The Arctic storm dubbed the “Beast from the East” has seen temperatures across much of Europe fall to their lowest level this winter and even brought a rare snowstorm to Rome.
The weather front paralysed the Italian capital and gave its residents the chance to ski, sledge and build snowmen in its famous parks and piazzas.
The city’s schools were ordered closed, while train, plane and bus services were crippled.
Italy’s civil protection agency even mobilised the army to help clear slush-covered streets as a city used to mild winters was covered by a thick blanket of snow.
By noon the snow had all but melted, but freezing temperatures expected overnight prompted officials to close the city’s schools on Tuesday for a second day and warn of continuing traffic and train chaos due to the ice already forming on slick cobbled pavements and streets.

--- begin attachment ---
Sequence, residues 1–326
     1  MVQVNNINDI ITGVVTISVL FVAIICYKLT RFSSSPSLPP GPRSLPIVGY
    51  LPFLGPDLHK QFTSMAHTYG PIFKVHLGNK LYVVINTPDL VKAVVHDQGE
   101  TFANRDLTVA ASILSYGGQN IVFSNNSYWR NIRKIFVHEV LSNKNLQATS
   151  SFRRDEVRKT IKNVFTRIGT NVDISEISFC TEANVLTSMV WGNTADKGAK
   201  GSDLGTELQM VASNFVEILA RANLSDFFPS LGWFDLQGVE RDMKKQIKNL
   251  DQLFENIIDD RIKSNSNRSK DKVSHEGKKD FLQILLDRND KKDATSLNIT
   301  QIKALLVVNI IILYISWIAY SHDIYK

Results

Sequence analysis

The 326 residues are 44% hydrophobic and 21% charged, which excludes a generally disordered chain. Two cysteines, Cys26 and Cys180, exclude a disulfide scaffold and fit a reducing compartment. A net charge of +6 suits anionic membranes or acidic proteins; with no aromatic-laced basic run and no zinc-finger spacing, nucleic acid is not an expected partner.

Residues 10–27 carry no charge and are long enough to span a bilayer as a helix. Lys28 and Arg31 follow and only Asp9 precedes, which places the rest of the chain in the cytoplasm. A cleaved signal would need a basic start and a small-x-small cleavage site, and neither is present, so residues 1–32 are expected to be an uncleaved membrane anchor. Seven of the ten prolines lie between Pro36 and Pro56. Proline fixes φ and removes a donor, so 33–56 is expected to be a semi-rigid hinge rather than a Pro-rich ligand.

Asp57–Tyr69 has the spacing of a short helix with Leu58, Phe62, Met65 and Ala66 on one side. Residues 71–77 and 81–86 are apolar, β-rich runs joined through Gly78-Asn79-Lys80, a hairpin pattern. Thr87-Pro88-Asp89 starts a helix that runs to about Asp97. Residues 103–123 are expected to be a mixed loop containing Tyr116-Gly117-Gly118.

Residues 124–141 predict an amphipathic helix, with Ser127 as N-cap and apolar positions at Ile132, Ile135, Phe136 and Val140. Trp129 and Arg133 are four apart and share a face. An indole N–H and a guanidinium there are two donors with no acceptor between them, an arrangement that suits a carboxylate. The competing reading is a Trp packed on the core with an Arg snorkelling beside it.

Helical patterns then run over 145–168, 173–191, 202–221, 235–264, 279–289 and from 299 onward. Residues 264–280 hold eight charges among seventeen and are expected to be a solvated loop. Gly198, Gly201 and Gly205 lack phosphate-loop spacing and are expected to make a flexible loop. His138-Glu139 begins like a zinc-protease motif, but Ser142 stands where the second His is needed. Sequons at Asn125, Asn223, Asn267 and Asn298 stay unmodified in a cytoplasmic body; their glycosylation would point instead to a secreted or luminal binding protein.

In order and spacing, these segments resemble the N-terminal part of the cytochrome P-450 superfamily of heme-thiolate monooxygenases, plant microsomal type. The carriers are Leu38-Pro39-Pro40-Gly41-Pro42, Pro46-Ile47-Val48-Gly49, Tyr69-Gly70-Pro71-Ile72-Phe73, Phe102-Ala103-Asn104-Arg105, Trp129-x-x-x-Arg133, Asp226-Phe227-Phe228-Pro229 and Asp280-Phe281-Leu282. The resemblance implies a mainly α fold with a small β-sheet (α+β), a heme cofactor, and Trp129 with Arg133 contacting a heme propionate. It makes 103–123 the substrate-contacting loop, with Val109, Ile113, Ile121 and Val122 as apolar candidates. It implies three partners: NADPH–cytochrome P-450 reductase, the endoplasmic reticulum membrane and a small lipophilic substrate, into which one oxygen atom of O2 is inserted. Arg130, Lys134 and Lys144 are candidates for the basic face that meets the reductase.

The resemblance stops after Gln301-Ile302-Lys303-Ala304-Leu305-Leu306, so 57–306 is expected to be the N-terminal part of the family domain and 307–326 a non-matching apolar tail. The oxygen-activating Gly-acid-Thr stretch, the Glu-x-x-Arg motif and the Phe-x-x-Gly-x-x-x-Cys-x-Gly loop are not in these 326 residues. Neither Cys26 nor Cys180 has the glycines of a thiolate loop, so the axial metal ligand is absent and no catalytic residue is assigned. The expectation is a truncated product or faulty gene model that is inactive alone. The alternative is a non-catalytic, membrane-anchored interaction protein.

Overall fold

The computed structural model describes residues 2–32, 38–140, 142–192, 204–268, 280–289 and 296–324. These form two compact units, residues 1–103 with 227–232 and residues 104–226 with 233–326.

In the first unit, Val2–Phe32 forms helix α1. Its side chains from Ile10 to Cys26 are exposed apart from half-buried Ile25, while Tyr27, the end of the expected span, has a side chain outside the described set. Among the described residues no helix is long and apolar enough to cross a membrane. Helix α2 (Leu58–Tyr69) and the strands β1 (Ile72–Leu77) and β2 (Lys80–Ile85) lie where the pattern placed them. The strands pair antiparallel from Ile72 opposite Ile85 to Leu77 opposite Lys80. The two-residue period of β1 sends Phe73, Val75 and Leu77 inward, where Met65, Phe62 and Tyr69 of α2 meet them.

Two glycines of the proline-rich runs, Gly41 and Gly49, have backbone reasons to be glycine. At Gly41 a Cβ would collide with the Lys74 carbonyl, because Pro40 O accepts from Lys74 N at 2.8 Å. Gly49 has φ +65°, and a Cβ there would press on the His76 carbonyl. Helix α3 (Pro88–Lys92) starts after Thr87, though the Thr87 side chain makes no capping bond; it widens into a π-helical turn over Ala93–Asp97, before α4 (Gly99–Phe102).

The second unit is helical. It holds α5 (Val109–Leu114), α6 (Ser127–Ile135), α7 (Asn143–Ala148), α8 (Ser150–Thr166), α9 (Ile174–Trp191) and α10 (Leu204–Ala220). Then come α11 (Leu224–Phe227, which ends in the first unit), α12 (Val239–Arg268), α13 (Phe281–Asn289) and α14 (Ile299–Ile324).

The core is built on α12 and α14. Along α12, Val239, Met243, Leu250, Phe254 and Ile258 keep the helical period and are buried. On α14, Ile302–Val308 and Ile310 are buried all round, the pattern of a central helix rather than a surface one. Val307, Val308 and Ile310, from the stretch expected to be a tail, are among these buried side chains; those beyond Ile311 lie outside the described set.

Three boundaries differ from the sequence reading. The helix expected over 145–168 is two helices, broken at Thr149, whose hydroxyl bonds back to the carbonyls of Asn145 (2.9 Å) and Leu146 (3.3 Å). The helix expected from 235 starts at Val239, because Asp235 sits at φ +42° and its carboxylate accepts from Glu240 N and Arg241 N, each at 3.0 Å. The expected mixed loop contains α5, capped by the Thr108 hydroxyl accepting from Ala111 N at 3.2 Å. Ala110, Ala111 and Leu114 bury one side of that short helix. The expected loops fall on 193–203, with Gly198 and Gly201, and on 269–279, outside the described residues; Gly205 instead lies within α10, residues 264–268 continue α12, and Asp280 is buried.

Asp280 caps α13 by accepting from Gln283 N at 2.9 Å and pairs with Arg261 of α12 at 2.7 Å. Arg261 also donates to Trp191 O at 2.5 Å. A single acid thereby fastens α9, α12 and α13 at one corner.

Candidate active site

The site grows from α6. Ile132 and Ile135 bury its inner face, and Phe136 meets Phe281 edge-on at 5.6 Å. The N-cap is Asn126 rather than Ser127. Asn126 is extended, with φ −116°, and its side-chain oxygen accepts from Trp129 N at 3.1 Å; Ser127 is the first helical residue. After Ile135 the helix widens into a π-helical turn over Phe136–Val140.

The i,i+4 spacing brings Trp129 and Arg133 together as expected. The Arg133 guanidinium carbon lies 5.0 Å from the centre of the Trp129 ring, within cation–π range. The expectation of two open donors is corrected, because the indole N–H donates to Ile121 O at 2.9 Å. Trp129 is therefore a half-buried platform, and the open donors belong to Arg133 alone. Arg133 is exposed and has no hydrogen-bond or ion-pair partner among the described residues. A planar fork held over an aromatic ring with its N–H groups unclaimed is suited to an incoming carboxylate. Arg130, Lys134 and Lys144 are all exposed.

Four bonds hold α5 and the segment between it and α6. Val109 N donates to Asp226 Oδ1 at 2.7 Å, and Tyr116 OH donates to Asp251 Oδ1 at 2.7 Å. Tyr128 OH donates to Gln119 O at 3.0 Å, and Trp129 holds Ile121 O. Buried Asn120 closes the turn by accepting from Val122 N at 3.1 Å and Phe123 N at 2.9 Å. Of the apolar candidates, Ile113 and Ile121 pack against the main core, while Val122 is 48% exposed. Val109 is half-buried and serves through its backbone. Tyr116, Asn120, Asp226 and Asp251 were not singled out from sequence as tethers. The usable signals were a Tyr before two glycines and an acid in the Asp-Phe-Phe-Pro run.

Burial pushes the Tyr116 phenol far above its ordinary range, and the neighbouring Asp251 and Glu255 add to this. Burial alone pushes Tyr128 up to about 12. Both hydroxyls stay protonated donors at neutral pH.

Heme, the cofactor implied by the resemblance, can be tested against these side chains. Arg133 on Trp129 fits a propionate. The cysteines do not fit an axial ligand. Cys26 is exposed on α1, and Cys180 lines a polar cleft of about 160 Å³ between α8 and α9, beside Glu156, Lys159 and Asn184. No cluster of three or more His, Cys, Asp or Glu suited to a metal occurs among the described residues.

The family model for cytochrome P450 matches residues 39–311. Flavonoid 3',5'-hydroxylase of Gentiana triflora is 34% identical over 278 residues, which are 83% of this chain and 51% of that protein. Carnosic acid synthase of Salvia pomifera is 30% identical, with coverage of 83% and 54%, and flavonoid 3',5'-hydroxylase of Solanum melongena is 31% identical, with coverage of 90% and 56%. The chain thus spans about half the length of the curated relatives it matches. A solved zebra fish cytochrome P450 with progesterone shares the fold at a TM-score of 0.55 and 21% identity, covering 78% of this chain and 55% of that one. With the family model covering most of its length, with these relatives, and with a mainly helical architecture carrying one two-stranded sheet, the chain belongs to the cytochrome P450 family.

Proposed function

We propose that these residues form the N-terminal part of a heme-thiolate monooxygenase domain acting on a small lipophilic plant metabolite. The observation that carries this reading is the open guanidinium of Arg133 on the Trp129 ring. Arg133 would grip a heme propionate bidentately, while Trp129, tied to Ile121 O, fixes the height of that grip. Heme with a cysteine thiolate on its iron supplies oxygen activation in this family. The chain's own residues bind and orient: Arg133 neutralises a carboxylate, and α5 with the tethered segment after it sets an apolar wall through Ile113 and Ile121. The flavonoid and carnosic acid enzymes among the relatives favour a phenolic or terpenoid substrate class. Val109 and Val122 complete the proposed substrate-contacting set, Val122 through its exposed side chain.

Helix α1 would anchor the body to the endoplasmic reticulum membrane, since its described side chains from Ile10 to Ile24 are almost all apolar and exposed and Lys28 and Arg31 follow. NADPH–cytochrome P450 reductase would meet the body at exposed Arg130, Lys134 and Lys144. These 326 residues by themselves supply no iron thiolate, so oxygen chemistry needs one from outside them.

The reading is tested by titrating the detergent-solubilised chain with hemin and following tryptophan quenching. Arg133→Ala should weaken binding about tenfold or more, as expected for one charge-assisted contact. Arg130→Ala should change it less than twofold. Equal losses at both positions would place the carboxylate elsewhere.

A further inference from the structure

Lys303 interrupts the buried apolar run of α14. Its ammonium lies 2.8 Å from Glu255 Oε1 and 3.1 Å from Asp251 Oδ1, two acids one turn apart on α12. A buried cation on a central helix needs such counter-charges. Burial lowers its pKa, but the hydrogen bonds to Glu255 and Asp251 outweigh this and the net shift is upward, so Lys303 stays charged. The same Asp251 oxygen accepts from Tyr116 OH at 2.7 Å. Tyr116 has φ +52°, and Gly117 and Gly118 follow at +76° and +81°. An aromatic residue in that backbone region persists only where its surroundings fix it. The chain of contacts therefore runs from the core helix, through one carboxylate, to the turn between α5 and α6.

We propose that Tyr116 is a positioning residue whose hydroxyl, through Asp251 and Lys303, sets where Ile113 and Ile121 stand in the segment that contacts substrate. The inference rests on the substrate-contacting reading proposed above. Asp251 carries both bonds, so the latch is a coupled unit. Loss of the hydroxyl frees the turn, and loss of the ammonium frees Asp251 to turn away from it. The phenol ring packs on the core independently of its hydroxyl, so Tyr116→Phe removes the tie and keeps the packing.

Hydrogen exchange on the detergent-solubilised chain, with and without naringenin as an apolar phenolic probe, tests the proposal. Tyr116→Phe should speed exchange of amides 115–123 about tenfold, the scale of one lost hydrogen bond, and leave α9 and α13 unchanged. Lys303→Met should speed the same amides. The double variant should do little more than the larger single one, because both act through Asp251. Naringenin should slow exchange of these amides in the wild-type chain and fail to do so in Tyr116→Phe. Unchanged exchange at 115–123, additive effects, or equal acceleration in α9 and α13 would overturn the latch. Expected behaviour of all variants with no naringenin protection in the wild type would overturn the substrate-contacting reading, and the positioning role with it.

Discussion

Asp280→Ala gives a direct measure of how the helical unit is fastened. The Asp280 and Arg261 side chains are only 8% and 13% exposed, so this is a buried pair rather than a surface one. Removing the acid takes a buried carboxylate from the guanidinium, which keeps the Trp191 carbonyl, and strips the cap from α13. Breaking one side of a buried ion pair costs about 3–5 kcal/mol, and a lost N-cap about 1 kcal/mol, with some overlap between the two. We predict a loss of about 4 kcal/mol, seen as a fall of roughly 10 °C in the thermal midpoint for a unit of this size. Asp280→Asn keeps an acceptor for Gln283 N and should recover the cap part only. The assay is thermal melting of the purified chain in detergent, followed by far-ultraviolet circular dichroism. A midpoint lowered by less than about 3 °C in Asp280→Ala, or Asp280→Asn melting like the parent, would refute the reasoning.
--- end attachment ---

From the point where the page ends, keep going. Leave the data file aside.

Rome’s Mediterranean climate and proximity to the sea usually result in mild winters, and restaurants often keep outdoor seating open, albeit with space heaters, even through the coldest months of the year.
Elsewhere in Europe, the storm set dangerously low temperatures.
Lithuanian officials said temperatures as low as minus 24C in places were to blame for the deaths of at least three people over the weekend.
Hospitals in Lithuania and Latvia reported a rise in people being treated for hypothermia and frostbite.
Swedish prime minister Stefan Lofven’s car skidded off the road in a snowstorm north of Stockholm and smashed into a railing, one of several snow-related traffic accidents in Sweden. He was uninjured.
Meteorologists in Germany reported a record low for this winter of minus 27C on the Zugspitze mountain in the Alps.
Moscow recorded its coldest night this winter, with the mercury dipping to nearly minus 20C on Sunday night.
In Croatia, about 1,000 soldiers joined in the clearing operations in the worst-affected areas, where over 5ft of snow was reported.